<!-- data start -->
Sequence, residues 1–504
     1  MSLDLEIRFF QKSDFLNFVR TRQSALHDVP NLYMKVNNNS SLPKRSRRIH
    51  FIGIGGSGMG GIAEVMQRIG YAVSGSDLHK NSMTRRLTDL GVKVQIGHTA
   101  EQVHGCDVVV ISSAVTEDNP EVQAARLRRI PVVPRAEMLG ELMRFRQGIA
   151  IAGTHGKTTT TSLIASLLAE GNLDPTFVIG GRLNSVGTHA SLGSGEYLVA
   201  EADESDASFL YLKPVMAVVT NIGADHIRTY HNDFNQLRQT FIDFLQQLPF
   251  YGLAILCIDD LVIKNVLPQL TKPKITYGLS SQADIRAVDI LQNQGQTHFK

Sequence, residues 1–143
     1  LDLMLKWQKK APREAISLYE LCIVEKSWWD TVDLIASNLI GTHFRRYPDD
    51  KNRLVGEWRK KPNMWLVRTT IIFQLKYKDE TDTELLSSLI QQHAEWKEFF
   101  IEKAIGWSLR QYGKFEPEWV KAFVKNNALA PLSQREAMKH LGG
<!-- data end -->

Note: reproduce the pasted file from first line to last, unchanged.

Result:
Sequence, residues 1–504
     1  MSLDLEIRFF QKSDFLNFVR TRQSALHDVP NLYMKVNNNS SLPKRSRRIH
    51  FIGIGGSGMG GIAEVMQRIG YAVSGSDLHK NSMTRRLTDL GVKVQIGHTA
   101  EQVHGCDVVV ISSAVTEDNP EVQAARLRRI PVVPRAEMLG ELMRFRQGIA
   151  IAGTHGKTTT TSLIASLLAE GNLDPTFVIG GRLNSVGTHA SLGSGEYLVA
   201  EADESDASFL YLKPVMAVVT NIGADHIRTY HNDFNQLRQT FIDFLQQLPF
   251  YGLAILCIDD LVIKNVLPQL TKPKITYGLS SQADIRAVDI LQNQGQTHFK

Sequence, residues 1–143
     1  LDLMLKWQKK APREAISLYE LCIVEKSWWD TVDLIASNLI GTHFRRYPDD
    51  KNRLVGEWRK KPNMWLVRTT IIFQLKYKDE TDTELLSSLI QQHAEWKEFF
   101  IEKAIGWSLR QYGKFEPEWV KAFVKNNALA PLSQREAMKH LGG